The future of artificial intelligence looms large for China «if” because of the current censorship in the country
In the book «Superpowers of artificial intelligence” (2018), which has become a classic, Kai-Fu Lee threw down the gauntlet: he argued that China poses an increasing technological threat to the United States. In late 2019, when Lee gave a lecture at my seminar «Future China” at Yale University, students were captivated by his provocative arguments: America is about to lose its first-mover advantage (expertise in artificial intelligence algorithms) due to China’s advantages in implementation (applications based on big data).
Unfortunately, Lee ignored one key trend: the rise of large language models and generative artificial intelligence. Although he hinted at a mass form of general-purpose technology, dating back to the Industrial Revolution, he was a long way from foreseeing the hysteria surrounding ChatGPT that has now engulfed the AI debate (abbreviated AI). Lee’s arguments contained vague references «deep learning” and neural networks, but they were based more on considerations about the potential replacement of humans by artificial intelligence in the performance of their tasks than on the possibilities «general artificial intelligence”, close to human thinking. And it is difficult to call it something unimportant when it comes to the future of China as an AI superpower.
The reason is that there is a great thing happening in this future «if” due to censorship in China. In a recent article by Henry Kissinger, Eric Schmidt, and Daniel Gattenlocker (their 2021 book hinted at the potential of general purpose AI) make a strong case that we are currently on the cusp of an intellectual revolution made possible by ChatGPT. They not only point to moral and philosophical problems created by large language generative models, but also raise important practical questions about their implementation, which are directly related to the size of the corpus of knowledge available in the language being processed.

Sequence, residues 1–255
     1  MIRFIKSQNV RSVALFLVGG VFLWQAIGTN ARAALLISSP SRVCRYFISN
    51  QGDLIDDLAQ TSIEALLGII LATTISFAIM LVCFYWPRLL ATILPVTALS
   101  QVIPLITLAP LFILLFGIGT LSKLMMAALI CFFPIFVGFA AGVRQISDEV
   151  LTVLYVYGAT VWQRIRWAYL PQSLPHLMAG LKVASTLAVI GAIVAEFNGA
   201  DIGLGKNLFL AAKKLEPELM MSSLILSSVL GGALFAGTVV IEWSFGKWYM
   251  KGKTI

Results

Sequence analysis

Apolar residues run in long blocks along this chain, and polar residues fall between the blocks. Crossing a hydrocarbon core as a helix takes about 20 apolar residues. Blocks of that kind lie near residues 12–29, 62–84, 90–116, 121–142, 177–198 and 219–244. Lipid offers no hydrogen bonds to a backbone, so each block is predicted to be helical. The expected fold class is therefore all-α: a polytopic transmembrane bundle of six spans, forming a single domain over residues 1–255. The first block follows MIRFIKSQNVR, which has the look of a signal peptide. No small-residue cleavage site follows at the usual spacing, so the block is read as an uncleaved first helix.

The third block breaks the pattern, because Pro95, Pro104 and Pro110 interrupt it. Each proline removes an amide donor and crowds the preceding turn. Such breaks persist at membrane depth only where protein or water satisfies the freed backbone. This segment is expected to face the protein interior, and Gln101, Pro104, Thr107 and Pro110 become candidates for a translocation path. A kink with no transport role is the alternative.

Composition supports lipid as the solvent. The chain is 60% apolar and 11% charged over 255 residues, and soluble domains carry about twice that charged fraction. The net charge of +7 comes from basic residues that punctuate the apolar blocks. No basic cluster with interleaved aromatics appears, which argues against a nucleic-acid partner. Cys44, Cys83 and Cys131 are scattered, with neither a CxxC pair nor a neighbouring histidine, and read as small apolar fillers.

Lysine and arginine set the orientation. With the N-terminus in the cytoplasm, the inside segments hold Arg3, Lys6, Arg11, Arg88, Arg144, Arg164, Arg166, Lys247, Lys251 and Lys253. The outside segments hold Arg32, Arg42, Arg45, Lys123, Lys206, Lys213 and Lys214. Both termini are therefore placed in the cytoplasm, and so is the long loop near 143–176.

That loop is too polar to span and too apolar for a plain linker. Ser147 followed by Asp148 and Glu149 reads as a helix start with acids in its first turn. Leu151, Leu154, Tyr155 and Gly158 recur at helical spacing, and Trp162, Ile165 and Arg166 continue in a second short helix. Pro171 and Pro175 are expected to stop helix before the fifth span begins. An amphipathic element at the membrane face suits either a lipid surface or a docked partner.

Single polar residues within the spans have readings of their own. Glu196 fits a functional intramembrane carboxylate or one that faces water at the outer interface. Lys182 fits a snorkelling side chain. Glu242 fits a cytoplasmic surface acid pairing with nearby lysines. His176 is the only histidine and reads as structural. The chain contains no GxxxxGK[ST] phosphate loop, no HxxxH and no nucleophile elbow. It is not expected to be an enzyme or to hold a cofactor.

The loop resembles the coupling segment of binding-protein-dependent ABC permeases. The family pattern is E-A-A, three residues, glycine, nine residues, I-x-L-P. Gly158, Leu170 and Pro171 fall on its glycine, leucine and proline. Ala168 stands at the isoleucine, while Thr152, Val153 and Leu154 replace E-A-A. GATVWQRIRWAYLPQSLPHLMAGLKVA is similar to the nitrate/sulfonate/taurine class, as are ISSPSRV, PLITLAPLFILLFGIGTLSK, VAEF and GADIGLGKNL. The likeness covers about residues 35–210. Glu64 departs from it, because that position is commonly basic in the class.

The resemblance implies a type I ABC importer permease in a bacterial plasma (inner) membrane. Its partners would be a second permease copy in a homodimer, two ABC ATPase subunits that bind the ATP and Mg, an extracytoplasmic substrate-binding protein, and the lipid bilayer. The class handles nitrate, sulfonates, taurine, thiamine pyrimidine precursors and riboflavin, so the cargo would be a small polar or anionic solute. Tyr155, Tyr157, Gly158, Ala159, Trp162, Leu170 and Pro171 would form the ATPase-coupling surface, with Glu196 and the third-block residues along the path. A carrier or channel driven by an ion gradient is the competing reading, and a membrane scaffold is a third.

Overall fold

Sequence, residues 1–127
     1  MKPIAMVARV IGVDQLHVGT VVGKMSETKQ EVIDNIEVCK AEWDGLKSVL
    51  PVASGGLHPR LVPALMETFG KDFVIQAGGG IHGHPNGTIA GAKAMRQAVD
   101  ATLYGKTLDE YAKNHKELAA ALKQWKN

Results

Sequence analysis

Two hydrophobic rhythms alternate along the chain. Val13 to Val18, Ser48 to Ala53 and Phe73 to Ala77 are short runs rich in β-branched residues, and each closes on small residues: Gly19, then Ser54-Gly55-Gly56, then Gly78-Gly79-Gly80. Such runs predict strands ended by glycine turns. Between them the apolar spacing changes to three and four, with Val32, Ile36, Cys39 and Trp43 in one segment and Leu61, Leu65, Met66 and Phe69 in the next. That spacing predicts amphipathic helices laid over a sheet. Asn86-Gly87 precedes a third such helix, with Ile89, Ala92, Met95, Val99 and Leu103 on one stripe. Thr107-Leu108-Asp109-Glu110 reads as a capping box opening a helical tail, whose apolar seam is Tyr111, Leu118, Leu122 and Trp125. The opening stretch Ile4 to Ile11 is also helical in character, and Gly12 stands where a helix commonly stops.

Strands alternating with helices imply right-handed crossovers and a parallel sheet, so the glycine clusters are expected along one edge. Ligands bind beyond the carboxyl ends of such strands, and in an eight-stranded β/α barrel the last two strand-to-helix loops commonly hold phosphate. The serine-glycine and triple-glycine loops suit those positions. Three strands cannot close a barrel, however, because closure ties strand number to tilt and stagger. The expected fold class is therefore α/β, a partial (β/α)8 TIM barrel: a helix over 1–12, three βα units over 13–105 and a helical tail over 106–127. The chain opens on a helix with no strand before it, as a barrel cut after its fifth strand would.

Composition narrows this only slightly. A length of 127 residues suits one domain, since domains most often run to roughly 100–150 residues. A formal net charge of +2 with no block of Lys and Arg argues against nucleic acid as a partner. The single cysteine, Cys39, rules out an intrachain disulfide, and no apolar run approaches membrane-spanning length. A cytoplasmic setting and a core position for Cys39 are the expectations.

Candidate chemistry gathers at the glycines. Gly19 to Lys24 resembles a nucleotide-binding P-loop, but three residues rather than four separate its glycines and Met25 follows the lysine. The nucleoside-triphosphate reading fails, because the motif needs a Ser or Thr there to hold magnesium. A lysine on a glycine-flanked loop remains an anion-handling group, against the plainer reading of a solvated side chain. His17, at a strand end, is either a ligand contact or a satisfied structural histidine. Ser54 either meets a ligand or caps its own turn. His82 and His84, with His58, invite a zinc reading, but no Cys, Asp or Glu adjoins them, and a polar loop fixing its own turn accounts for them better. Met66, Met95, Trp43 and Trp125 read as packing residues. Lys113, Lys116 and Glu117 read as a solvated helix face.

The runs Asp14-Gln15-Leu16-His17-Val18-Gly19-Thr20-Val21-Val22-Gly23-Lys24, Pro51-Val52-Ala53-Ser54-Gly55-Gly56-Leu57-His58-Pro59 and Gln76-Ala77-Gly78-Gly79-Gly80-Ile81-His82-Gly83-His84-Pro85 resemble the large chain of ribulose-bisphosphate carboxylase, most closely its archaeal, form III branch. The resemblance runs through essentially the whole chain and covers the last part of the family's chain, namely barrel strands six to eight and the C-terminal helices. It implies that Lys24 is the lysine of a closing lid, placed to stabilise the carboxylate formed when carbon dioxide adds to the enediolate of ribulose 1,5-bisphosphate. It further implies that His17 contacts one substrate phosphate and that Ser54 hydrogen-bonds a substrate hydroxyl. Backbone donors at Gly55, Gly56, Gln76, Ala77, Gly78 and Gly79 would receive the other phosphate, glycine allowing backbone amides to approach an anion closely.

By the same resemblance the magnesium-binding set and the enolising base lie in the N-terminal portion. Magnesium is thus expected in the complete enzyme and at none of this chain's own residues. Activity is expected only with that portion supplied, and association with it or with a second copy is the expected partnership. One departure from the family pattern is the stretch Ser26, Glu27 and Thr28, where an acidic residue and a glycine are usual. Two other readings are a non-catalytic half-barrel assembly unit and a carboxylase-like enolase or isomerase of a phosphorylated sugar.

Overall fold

China received the lowest score in the category «Freedom of the Internet” among 70 countries
This is where China’s strict censorship regime begins to cause concern. Both the East and the West have a long and rich history of censorship, but the propaganda department of the Chinese Communist Party stands out in its efforts to control all forms of expression in Chinese society. (newspapers, films, literature, media, education), and to manage the culture and values that define public debate.
Unlike the West, where anything goes online, China’s censors impose strict political rules on the dissemination of information that must conform to the CCP’s line. Internet users in China are unable to download links to information about the decade-long Cultural Revolution, the June 1989 Tiananmen Square tragedy, human rights issues in Tibet and Xinjiang, misunderstandings with Taiwan, the 2019 pro-democracy demonstrations in Hong Kong, political discontent zero covid and much more.
Such aggressive editing of information becomes a big problem for ChatGPT with Chinese specificity. By stripping history of important events and related human experiences, Chinese censorship narrows and distorts the corpus of information that will be used to machine-learn large language models. And this means that China’s ability to reap the benefits of the intellectual AI revolution will ultimately diminish.